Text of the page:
United States District Court, D. South Carolina
RICHARD M. GERGEL, District Judge.
matter comes before the Court on the Report and
Recommendation ("R & R") of the Magistrate Judge
recommending that the Court deny Defendant's motion for
summary judgment. (Dkt. No. 54 at 1). Defendant has filed
objections to the Magistrate Judge's recommendation.
(Dkt. No. 40). For the reasons set forth below, the Court
ADOPTS the R & R as the order of the Court. Accordingly,
Defendant's motion for summary judgment is
Magistrate Judge makes only a recommendation to this Court.
The recommendation has no presumptive weight, and the
responsibility for making a final determination remains with
this Court. Mathews v. Weber, 423 U.S. 261, 270-71
(1976). This Court is charged with making a de novo
determination of those portions of the R&R to which specific
objection is made. Additionally, the Court may "accept,
reject, or modify, in whole or in part, the findings or
recommendations made by the magistrate judge." 28 U.S.C.
Â§ 636(b)(1). This Court may also "receive further
evidence or recommit the matter to the magistrate judge with
to Rule 56 of the Federal Rules of Civil Procedure, summary
judgment is appropriate if a party "shows that there is
no genuine dispute as to any material fact" and that the
movant is entitled to judgment as a matter of law.
Fed.R.Civ.P. 56(a). In other words, summary judgment should
be granted "only when it is clear that there is no
dispute concerning either the facts of the controversy or the
inferences to be drawn from those facts." Pulliam
Inv. Co. v. Cameo Props., 810 F.2d 1282, 1286 (4th Cir.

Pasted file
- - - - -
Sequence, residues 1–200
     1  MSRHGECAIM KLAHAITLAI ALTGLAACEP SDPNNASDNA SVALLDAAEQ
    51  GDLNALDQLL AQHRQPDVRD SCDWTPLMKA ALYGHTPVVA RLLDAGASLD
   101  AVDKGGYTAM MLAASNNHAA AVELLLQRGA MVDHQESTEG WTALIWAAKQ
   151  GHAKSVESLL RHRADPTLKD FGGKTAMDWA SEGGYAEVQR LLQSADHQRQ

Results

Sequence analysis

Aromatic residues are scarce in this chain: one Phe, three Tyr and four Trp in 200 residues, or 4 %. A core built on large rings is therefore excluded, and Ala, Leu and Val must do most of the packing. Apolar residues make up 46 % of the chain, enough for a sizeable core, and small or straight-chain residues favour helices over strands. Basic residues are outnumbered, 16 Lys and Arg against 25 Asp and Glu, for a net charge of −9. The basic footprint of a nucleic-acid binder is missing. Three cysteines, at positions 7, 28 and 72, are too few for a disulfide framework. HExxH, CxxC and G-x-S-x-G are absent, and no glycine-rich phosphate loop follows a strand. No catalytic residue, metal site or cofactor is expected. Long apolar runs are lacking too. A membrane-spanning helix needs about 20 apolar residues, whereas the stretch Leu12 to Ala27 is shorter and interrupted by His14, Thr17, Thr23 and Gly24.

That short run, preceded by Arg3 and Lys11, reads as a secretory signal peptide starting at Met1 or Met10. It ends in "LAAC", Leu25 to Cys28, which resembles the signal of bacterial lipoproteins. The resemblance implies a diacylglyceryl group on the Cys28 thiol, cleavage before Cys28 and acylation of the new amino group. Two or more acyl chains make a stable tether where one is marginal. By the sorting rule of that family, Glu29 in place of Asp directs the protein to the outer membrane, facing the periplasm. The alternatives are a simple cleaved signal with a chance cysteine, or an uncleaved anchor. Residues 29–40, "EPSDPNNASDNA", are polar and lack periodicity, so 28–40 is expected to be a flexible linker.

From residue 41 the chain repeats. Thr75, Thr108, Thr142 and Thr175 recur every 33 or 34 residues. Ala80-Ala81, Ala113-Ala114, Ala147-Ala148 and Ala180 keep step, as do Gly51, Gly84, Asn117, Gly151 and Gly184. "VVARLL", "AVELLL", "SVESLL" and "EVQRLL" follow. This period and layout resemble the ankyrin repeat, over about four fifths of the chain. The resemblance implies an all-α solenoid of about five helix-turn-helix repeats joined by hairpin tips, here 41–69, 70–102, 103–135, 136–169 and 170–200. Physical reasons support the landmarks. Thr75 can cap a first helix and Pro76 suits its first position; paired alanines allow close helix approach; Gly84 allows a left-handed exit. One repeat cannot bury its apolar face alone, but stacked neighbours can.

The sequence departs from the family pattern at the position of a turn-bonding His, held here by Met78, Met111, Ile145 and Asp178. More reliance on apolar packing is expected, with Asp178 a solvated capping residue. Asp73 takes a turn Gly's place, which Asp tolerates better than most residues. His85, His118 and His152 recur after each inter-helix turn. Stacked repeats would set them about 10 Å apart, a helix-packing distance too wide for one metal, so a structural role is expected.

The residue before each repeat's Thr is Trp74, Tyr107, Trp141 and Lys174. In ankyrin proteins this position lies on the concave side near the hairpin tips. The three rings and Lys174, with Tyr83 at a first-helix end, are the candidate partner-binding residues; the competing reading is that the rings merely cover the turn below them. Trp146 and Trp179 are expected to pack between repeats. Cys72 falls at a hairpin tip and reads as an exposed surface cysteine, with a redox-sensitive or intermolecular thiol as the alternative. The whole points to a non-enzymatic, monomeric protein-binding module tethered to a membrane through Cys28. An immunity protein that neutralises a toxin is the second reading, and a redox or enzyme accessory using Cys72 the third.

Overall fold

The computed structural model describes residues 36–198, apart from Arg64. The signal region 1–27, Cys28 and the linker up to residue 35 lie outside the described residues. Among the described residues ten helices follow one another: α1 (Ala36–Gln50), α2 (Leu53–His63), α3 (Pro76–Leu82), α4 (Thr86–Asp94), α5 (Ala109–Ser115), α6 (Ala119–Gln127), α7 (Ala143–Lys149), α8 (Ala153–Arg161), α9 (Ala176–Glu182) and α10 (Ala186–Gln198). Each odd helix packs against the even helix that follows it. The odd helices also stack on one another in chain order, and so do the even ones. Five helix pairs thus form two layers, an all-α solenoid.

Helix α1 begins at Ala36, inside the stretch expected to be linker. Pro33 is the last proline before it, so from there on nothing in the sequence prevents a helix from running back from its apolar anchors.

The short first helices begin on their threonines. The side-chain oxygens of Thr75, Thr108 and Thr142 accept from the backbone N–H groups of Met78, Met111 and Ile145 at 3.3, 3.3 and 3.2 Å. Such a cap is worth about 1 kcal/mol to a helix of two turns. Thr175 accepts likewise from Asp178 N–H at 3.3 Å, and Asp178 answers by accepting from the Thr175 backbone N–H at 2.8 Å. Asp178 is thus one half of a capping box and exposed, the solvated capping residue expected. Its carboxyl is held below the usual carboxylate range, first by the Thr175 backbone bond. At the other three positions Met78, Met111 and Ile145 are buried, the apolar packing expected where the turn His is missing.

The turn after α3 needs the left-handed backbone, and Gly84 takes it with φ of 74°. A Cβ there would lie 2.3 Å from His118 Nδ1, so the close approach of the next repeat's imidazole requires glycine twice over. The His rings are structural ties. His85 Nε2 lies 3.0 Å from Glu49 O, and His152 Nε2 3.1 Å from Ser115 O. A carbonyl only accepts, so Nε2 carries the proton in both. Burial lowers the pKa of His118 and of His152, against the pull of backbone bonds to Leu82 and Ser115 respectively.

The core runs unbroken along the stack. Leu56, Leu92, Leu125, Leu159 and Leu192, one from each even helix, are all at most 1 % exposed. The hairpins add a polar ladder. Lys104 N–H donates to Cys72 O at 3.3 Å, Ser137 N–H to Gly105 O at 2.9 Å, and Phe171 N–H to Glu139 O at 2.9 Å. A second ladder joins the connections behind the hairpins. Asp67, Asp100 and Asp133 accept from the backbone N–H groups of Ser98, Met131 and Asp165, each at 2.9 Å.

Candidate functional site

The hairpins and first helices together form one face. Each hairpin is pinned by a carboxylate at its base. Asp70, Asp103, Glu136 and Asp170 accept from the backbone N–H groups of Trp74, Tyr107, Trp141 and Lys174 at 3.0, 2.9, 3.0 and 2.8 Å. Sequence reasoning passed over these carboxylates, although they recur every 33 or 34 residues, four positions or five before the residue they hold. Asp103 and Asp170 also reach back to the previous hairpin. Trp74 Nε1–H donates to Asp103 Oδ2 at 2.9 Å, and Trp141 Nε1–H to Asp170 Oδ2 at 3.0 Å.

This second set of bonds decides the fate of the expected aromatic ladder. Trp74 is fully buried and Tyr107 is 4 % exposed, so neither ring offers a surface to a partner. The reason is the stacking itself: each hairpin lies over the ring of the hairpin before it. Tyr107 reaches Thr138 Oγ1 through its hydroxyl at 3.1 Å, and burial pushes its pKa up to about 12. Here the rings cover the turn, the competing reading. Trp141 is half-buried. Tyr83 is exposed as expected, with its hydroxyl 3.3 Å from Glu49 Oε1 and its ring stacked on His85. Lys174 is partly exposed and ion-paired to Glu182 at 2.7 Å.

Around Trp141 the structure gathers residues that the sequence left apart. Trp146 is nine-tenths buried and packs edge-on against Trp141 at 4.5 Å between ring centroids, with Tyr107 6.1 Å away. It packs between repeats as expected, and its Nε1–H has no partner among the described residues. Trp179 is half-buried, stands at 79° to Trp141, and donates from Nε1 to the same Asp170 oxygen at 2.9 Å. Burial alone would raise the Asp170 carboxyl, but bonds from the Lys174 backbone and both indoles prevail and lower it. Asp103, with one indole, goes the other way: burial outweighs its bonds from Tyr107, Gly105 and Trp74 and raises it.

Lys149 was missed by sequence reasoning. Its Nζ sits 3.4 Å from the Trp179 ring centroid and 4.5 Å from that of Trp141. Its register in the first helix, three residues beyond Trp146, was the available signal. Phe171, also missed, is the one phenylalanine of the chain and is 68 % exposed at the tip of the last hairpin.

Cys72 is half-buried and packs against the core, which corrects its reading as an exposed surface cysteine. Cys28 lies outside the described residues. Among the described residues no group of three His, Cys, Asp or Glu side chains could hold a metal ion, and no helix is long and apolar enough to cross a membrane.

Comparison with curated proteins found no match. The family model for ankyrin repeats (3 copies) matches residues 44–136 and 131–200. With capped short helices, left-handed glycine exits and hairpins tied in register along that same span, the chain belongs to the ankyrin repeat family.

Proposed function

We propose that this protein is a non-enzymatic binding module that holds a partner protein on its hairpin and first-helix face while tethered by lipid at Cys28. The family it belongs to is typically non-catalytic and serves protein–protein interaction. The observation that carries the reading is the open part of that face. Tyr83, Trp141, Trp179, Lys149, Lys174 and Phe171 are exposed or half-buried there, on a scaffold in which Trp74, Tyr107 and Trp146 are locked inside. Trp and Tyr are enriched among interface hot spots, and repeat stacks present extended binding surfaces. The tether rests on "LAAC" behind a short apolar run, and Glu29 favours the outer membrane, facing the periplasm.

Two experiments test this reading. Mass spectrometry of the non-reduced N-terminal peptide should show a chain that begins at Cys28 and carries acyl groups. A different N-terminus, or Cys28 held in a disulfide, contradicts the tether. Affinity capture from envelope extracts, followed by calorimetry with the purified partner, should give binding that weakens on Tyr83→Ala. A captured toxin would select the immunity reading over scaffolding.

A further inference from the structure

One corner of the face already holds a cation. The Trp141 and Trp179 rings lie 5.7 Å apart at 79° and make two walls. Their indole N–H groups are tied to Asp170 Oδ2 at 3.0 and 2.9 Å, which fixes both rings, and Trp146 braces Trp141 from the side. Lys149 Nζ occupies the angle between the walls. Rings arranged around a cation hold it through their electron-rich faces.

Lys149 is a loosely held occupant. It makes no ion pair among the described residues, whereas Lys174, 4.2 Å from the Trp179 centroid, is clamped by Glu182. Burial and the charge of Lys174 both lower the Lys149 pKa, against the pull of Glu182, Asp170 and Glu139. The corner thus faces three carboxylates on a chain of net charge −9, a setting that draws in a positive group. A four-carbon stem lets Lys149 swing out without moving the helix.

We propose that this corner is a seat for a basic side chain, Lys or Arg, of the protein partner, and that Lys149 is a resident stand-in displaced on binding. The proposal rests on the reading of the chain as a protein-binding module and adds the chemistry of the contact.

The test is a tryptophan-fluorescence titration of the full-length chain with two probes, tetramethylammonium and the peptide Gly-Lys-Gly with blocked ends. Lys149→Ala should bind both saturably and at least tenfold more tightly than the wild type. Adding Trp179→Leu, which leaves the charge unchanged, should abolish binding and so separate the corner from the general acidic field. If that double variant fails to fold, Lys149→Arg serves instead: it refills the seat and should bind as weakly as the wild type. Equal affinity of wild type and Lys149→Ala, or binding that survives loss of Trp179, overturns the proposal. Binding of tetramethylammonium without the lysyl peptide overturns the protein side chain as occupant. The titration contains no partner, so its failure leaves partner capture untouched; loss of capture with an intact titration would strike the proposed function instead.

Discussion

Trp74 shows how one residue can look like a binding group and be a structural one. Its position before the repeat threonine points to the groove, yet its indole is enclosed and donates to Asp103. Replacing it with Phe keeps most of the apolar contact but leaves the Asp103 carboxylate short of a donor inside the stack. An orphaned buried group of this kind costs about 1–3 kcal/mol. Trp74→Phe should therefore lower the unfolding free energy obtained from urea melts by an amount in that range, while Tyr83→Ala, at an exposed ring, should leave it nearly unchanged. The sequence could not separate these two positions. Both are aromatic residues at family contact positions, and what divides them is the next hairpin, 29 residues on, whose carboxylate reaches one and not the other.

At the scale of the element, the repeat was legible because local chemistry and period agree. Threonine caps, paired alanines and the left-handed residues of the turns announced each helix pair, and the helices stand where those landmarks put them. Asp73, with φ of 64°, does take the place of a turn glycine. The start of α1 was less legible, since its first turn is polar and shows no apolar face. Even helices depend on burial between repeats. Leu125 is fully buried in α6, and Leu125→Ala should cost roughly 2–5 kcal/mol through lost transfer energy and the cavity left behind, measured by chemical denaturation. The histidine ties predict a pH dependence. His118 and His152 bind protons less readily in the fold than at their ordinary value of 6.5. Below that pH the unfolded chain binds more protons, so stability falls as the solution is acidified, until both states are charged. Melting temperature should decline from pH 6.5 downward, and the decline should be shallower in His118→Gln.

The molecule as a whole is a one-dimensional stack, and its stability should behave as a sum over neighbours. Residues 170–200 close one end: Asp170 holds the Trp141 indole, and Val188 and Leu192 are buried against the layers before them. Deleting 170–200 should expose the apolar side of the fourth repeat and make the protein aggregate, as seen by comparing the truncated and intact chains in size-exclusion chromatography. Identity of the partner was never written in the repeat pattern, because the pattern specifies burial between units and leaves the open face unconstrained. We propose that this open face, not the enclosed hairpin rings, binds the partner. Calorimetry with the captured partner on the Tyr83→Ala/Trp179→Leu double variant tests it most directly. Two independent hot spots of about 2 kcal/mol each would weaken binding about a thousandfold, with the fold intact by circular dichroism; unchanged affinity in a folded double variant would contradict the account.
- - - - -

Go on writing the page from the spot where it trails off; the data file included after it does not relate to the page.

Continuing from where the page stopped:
1987). "In determining whether a genuine issue has been
raised, the court must construe all inferences and
ambiguities in favor of the nonmoving party."
HealthSouth Rehab. Hosp. v. Am. Nat'l Red Cross,
101 F.3d 1005, 108 (4th Cir. 1996). The party seeking summary
judgment shoulders the initial burden of demonstrating to the
court that there is no issue of material fact. Celotex
Corp. v. Catrett, 477 U.S. 317, 323 (1986).
the moving party has made this threshold demonstration, the
non-moving party, to survive the motion for summary judgment,
may not rest on the allegations averred in his pleadings.
Id. at 324. Rather, the non-moving party must
demonstrate that specific, material facts exist that give
rise to a genuine issue. Id. Under this standard,
"[c]onclusory or speculative allegations do not suffice,
nor does a mere scintilla of evidence'" in support
of the non-moving party's case. Thompson v. Potomac
Elec. Power Co., 312 F.3d 645, 649 (4th Cir. 2002)
(quoting Phillips v. CSX Transp., Inc., 190 F.3d
285, 287 (4th Cir. 1999)).
is an inmate at Georgetown County Detention Center. He brings
a claim pursuant to 42 U.S.C. Â§ 1983, alleging that Defendant
used excessive force against him while Plaintiff was
handcuffed in the back of a police car. (Dkt. No. 1 at 3-4).
He specifically alleges that Defendant "grabbed [him] by
the throat with excessive force and choked [him] for several
seconds until [he] almost passed out." ( Id. at
3). Plaintiff reported the incident to the Georgetown Police
Department and the State Law Enforcement Division. (Dkt. No.